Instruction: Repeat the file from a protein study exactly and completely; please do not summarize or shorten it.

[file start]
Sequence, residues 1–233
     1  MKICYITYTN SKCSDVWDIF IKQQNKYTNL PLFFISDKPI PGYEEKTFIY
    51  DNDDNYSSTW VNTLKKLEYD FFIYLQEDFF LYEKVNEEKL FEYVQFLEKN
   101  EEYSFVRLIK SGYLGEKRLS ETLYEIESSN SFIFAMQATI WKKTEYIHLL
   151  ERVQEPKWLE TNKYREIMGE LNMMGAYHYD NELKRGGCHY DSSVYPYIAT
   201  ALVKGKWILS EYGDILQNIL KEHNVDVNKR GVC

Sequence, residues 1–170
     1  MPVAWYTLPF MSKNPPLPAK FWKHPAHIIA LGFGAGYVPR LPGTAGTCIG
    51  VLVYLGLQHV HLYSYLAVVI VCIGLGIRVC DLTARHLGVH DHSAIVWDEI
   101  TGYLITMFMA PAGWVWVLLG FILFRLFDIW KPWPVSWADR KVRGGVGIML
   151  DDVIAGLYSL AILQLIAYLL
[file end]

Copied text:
Sequence, residues 1–233
     1  MKICYITYTN SKCSDVWDIF IKQQNKYTNL PLFFISDKPI PGYEEKTFIY
    51  DNDDNYSSTW VNTLKKLEYD FFIYLQEDFF LYEKVNEEKL FEYVQFLEKN
   101  EEYSFVRLIK SGYLGEKRLS ETLYEIESSN SFIFAMQATI WKKTEYIHLL
   151  ERVQEPKWLE TNKYREIMGE LNMMGAYHYD NELKRGGCHY DSSVYPYIAT
   201  ALVKGKWILS EYGDILQNIL KEHNVDVNKR GVC

Sequence, residues 1–170
     1  MPVAWYTLPF MSKNPPLPAK FWKHPAHIIA LGFGAGYVPR LPGTAGTCIG
    51  VLVYLGLQHV HLYSYLAVVI VCIGLGIRVC DLTARHLGVH DHSAIVWDEI
   101  TGYLITMFMA PAGWVWVLLG FILFRLFDIW KPWPVSWADR KVRGGVGIML
   151  DDVIAGLYSL AILQLIAYLL